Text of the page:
At step 47, the user invokes a social bookmarking operation (e.g. by clicking on a tool bar button), causing the bookmarklet or plug-in to search the Web page's DOM for a microformatting element identifying a socially bookmarkable resource (e.g. an element with class attribute of “bookmark-me”). Step 47 is followed by either step 48 or step 51.
In step 48, the bookmarklet or plug-in finds microformatting in the DOM corresponding to a socially bookmarkable resource viewable on the Web page and, accordingly uses resource information from the microformatting to process the social bookmarking operation invoked at step 47. Step 47 is followed by step 49, in which a social bookmarking operation resource information user interface consisting of a pop-up window is generated with user editable form fields pre-filled with resource information from the microformatting element for the socially bookmarkable resource (e.g. URL, description, title, suggested tags, etc.). At step 50, the user edits the pop-up form and clicks OK to bookmark the resource locally or to submit the resource information in the form to the external social bookmarking system.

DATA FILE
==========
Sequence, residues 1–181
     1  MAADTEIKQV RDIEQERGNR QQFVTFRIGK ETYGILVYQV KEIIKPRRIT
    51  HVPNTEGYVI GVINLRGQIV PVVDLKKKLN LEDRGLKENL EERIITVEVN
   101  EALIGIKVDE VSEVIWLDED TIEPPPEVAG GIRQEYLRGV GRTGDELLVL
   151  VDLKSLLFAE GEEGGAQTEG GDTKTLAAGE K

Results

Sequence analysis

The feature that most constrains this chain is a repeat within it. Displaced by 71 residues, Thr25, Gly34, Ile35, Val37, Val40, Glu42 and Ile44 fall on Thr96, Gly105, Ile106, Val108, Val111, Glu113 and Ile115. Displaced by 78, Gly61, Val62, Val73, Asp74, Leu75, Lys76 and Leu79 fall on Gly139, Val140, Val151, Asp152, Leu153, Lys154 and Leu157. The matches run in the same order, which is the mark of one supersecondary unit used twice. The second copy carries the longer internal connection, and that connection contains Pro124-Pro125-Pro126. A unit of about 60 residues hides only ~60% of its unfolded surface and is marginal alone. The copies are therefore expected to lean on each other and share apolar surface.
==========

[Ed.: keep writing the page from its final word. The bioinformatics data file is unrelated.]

In the alternative case where step 47 is followed by step 51, at step 51 the bookmarklet or plug-in does not find microformatting in the DOM corresponding to the socially bookmarkable resource viewable on the Web page, and therefore uses the URL from the location bar and the title of the currently loaded Web page to process the social bookmarking operation. Accordingly, in such a case, the disclosed system uses the URL from the location bar and the title of the currently loaded Web page to pre-fill the form generated at step 49.
At step 54 the user invokes a social bookmarking operation (e.g. by clicking on a tool bar button or link provided through a tool bar in the Web browser). This causes the bookmarklet or plug-in to search the currently loaded Web page's DOM for all microformatting elements identifying socially bookmarkable resources. Microformatting elements identifying socially bookmarkable resources may, for example, be microformatting elements with a predetermined class attribute (e.g. “bookmark-me”).
In a first embodiment shown in
In another embodiment shown in
In an embodiment using the Microformatting Element 70 shown in
For example, as shown in
As shown in
When the user clicks on the SAVE button 136, the information in the fields of the Social Bookmarking Operation Information Pop-up window 120 is transmitted to the social bookmarking service for storing into a folksonomy.